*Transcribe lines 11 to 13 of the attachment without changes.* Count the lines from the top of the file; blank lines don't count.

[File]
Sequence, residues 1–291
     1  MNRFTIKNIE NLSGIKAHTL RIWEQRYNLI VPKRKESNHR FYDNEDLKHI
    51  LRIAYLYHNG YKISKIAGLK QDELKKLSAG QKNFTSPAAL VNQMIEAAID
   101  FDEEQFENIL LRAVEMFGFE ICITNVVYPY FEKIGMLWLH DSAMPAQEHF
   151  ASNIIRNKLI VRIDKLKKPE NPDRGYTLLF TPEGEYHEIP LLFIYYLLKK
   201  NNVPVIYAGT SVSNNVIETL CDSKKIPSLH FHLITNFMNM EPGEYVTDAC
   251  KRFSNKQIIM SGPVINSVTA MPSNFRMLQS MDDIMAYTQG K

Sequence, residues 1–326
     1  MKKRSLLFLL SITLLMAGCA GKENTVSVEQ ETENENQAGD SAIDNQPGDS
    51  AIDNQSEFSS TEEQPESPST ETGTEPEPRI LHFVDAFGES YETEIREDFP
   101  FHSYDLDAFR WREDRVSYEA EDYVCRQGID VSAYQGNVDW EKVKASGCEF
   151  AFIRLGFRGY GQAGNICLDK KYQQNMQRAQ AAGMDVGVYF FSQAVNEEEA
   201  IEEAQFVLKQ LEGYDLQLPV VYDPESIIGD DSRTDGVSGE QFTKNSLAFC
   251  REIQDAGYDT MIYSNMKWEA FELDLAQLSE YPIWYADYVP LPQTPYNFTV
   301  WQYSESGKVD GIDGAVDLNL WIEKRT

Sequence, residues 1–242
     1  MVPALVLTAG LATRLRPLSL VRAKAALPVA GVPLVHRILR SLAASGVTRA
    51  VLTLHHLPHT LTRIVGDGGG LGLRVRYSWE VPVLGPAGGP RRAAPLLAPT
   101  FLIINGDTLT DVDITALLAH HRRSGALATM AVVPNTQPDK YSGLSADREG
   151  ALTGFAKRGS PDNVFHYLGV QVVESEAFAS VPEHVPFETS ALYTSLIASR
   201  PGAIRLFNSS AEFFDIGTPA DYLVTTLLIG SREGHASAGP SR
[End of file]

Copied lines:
   101  FHSYDLDAFR WREDRVSYEA EDYVCRQGID VSAYQGNVDW EKVKASGCEF
   151  AFIRLGFRGY GQAGNICLDK KYQQNMQRAQ AAGMDVGVYF FSQAVNEEEA
   201  IEEAQFVLKQ LEGYDLQLPV VYDPESIIGD DSRTDGVSGE QFTKNSLAFC